Artist from Tamil Nadu captures his hometown in landscape paintings

Artist Puviyarasu Kannadasan's work

Artist Puviyarasu Kannadasan's work | Photo Credit: SPECIAL ARRANGEMENT

Every morning, before the golden hour strikes, Puviyarasu Kannadasan sets out on his trusty bike with his companions: a canvas, an easel, a black pen and some paints. When he sees a sight that tugs at him, he stops, props up the easel and begins his work.

Wielding a black pen, he traces what is before him: be it an empty, quiet pastoral field, or a temple ground that spills chaotic energy. Bits and pieces of the town he grew up in — Arani in Tiruvallur — thus sprawls across Puviayarsu’s canvases, largely black-and-white. At his first-ever solo show titled Petrichor, in DakshinaChitra Museum, 28 such creations (both sketches and paintings) are on display. 

Puviyarasu Kannadasan

Puviyarasu Kannadasan | Photo Credit: SPECIAL ARRANGEMENT

Puviyarasu vividly recalls his first brush with art: as an eight-year-old child, he would accompany relatives as they went around town making signage and banners. The little boy would wait on the artists, clean their brushes and run errands. When banner art was digitised, this came to a standstill.

“But I wanted to take this interest forward, by somehow enrolling in the College of Fine Arts, Chennai. I didn’t even know about the college till then,” he recalls. Under the tutelage of artist Illaiyaraja, he cracked the entrance — “that was the biggest achievement for me.” When he found himself in the visual communication department, he was disappointed because he wished to specialise in painting . It was with the guidance of his seniors that he later came to know of his knack for recreating landscapes.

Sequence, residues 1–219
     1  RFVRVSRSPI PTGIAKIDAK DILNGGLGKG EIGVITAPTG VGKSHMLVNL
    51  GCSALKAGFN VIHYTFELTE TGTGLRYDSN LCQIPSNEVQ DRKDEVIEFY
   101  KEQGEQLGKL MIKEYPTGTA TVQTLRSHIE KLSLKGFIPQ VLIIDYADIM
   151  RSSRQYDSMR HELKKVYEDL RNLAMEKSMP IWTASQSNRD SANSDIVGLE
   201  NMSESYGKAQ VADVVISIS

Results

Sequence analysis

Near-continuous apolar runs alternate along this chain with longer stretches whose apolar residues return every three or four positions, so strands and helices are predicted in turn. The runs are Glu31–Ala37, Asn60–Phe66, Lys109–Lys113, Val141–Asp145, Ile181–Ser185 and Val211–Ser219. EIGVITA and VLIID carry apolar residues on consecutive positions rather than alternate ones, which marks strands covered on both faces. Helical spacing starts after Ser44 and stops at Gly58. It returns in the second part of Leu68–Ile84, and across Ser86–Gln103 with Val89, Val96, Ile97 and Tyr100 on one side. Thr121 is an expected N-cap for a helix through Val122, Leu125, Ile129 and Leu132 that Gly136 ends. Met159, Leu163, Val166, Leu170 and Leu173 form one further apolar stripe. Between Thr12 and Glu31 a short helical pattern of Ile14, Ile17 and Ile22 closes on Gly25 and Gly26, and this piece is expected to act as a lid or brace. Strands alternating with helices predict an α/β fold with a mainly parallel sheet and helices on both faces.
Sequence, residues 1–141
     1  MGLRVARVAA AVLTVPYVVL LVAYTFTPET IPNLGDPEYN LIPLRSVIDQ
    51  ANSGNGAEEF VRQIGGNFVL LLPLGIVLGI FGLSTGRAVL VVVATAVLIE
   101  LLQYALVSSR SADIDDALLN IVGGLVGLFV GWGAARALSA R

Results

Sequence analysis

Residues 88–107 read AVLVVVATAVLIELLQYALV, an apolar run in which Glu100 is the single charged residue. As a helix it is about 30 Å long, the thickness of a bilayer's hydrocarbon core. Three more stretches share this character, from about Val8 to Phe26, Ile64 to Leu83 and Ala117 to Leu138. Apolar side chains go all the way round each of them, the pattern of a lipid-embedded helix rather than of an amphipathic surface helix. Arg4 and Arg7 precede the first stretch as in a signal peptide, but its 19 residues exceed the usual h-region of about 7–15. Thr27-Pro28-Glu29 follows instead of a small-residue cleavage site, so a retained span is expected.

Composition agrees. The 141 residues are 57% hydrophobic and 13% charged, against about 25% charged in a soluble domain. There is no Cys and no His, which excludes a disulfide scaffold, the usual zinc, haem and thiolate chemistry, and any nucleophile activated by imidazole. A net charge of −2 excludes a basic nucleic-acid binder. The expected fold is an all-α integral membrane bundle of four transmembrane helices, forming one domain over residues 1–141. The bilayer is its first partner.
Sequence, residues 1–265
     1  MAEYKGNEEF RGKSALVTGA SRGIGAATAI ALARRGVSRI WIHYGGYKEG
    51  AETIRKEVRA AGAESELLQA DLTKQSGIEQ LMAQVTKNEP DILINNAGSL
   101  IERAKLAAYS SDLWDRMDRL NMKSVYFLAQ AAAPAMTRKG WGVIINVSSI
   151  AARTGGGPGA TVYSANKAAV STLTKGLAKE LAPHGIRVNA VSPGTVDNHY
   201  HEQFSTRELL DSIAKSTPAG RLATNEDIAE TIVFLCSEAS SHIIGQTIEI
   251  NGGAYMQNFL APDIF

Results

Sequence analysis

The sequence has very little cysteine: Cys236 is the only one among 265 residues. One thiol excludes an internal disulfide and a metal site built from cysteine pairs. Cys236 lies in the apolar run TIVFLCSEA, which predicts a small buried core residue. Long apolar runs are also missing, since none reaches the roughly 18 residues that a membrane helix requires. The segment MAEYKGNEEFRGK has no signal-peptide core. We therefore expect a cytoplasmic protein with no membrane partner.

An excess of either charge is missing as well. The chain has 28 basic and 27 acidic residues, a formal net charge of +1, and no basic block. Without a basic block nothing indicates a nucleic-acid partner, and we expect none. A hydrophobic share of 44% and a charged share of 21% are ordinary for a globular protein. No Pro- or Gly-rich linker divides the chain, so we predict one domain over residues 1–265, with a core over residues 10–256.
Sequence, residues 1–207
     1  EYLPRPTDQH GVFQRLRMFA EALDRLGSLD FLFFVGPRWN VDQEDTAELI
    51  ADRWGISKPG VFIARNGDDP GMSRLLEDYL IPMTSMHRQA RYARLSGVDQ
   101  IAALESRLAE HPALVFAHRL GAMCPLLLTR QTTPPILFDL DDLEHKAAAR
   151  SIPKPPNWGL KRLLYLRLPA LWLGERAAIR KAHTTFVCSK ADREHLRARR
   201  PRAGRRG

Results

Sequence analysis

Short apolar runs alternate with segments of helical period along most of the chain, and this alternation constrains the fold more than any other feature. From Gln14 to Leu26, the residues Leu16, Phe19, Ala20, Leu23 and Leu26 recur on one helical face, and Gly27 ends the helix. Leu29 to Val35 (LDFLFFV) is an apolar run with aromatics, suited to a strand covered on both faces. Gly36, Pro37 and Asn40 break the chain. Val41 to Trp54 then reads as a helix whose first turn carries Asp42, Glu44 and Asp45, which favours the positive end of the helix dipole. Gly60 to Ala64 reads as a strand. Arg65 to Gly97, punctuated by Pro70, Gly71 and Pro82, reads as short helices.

“After that, till my fourth year at the college, I kept painting landscapes,” says Puviyarasu. However, after his college days in 2007, he broke away to dabble in cinema: as an assistant cameraman. “It didn’t last long. Next stop was animation which was also short-lived. I wasn’t satisfied.” Until he started painting again. “I felt like whatever I wanted to honestly express was in my work all along. But leaving something so dear to me, I went in search of other occupations,” he recalls. 

Artist Puviyarasu Kannadasan's work

Artist Puviyarasu Kannadasan's work | Photo Credit: SPECIAL ARRANGEMENT

Getting back to what he loved most, was a life-changing step for the artist. Speaking of his choice of medium and material, the artist says, “Monotone always creates a greater impact. Moreover, a pen is easier to wield, I feel like I am able to express myself freely with a pen. A passing strike of a pen on paper is similar to a strike on my creative mind.” Apart from this, a determining factor for his work is the time : “Light plays a major role in my landscapes.” I usually set out at 6.30 am. My work practically stops at 11 am. In the afternoon, 2.30 pm to 5.30 pm is a good window.” It’s not often that he manages to finish a work in a day. He continues, “Sometimes, it takes me a week to capture the ‘feel’ of the sight. So I keep going back.”

Artist Puviyarasu Kannadasan's work

Artist Puviyarasu Kannadasan's work | Photo Credit: SPECIAL ARRANGEMENT

Now, while he works as an art teacher in a nearby school, he makes sure to continue his personal practice. “I am so happy that I am able to live as an artist among those who I grew up around. Each day, when I go around town, I am learning more and more about life. I see new colours,” says Puviyarasu.

Petrichor is on display at Kadambari Art Gallery till February 28

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Printable version | Jun 19, 2022 7:11:15 am |